Mr. Sakamoto, a junior-high graduate, says he feels a “mission” to help tame the national crisis, but at the same time jokes that he’s too dumb to be scared. “Smart people know about sieverts and becquerels, so they’ve really got this sense of self-preservation, fear, suspicion,” he says. “When you think about it, it’s a real plus to be uneducated and ignorant.” From: Japanese Nuclear Cleanup Workers Detail Lax Safety Practices at Plant (WSJ).
I’m really don’t get the deafness of TEPCO’s visual PR.
They release photos (these, supposedly highlighting the good care and well-being of Fukushima plant workers) as if ham-handed photos, rather than calling an issue into question, somehow put minds at ease. In this case, however, the pictures come out coincident with news reports (such as this WSJ piece, and this in-depth investigation by the NYT) detailing the poor training, slipshod treatment, safety short cuts, new illnesses, inferior compensation and just general exploitation of these same plant workers.
Since the accident at Fukushima, the simplistic and naive nature of these photos has been remarkable (reminscent of this early “we plugged the leak” classic I keep linking to.) In this case, TEPCO wants us to see that their underpaid, undertrained and and largely ignorant work force is getting rest breaks, so here we get multiple pictures of cute, cordoned off little areas where we seem them, yes, resting.
Beyond the achingly sophomoric strategy, this photo has enough other elements to contradict almost any conveyance of calm. The “X, X, X” thing, both in the “cancellation” symbolism itself as well as in screaming “off limits,” is disconcerting and strange, on top of the “field hospital” vibe. And then, what’s with the Pepto-Bismol pink?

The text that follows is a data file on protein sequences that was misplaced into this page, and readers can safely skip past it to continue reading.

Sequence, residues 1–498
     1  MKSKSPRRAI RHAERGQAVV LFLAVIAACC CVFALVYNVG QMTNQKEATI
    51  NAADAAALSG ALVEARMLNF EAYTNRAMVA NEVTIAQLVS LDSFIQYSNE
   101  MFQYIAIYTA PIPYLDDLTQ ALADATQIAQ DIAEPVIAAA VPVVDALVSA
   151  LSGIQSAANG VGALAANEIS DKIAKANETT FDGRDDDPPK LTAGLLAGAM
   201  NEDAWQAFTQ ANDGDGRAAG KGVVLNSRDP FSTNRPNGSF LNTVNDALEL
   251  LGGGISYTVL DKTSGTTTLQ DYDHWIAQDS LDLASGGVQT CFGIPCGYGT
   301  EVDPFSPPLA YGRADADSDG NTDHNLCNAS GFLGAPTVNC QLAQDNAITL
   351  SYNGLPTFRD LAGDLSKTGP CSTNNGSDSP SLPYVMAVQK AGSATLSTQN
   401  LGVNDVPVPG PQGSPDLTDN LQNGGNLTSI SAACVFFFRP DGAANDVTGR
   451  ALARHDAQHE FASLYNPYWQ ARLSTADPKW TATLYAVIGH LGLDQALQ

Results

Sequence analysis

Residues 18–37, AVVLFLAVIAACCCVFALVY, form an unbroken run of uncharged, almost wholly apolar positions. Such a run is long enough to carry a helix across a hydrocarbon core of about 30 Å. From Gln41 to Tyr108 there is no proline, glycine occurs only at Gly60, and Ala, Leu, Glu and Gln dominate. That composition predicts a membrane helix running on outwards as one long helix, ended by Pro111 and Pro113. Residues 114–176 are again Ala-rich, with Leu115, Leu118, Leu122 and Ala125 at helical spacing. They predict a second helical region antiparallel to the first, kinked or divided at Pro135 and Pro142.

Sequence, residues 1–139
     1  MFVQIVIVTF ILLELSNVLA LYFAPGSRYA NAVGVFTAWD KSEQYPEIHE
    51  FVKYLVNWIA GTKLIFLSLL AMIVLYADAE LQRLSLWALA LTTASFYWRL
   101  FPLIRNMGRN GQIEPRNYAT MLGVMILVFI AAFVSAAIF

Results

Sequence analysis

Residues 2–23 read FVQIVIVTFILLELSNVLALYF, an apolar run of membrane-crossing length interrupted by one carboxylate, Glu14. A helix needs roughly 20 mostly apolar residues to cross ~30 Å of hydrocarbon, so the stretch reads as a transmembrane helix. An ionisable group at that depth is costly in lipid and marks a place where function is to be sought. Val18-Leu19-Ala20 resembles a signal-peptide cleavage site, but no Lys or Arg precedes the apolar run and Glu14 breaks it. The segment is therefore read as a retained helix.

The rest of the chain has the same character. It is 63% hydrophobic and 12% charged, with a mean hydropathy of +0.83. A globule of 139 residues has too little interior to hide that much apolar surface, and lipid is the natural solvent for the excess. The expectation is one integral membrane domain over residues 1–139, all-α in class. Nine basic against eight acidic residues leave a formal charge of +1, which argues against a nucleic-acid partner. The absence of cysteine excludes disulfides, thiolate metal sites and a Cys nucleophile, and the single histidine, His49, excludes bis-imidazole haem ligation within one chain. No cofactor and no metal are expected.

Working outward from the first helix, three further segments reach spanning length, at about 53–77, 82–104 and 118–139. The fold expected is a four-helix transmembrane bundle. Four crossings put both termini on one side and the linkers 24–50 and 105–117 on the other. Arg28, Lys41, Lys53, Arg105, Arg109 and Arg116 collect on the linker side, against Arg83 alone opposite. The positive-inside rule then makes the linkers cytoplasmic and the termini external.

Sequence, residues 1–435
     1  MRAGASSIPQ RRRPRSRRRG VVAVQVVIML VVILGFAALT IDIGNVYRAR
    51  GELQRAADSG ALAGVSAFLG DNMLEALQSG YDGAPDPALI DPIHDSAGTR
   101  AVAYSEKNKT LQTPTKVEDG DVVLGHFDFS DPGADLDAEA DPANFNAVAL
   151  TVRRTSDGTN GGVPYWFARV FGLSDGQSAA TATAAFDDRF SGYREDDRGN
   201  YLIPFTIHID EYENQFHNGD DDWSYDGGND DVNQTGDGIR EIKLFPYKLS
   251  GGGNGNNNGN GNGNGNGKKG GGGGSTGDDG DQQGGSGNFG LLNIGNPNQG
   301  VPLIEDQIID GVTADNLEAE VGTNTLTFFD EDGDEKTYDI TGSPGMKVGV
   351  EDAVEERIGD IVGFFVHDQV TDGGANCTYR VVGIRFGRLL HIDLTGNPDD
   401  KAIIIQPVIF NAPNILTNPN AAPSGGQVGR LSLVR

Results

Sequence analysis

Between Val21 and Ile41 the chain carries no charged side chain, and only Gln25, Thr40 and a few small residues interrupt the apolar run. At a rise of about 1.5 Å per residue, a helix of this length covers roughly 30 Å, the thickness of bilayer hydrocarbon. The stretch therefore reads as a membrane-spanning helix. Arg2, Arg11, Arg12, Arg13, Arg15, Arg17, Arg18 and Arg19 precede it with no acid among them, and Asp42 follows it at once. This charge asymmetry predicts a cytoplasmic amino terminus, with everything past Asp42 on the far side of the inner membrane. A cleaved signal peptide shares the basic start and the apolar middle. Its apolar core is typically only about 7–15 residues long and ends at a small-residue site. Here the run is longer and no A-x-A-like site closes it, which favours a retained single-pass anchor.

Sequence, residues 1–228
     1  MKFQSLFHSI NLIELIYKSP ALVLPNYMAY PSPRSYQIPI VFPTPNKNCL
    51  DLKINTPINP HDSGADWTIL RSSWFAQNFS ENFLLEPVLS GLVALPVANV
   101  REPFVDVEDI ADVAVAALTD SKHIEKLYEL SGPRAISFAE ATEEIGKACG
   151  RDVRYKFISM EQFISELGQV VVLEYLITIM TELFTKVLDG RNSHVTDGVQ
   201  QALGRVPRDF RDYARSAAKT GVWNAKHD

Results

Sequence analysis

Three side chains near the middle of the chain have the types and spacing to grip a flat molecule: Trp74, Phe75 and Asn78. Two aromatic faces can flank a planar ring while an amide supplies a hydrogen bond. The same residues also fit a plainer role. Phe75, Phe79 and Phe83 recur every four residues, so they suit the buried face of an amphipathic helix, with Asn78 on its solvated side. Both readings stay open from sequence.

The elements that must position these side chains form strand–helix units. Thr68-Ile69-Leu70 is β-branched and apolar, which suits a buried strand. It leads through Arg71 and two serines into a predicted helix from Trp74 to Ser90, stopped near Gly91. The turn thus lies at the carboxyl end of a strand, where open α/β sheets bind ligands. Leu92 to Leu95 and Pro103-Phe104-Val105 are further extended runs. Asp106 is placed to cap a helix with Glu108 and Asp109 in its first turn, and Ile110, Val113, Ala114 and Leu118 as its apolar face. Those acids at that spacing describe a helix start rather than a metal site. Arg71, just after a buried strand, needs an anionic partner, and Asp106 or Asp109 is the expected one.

So, rest all you workers while we photograph you resting. In the meantime, I’ll remember these photos well for best exemplifying “insult to injury.”
( Photo 1: Tokyo Electric Power Co./Kyodo – A worker wearing protective gear sits on a chair at a rest area on the first floor of the service building for the No. 5 and 6 reactors at the Fukushima Daiichi nuclear power plant in Fukushima Prefecture on May 19, 2011. Tokyo Electric Power Co., the operator of the troubled plant, released the photographs of rest areas at the plant on June 10, 2011. Photo 2: Tokyo Electric Power Co./Kyodo – Workers take a break inside a facility called Toshiba rest area at the troubled Fukushima Daiichi nuclear power plant in Fukushima Prefecture on May 15, 2011. The facility has been provided since May 10, 2011, and Tokyo Electric Power Co., the operator of the troubled plant, released the photographs of rest areas at the plant on June 10, 2011.)
(A special research assist to Bag intern, Jonathan Gibby)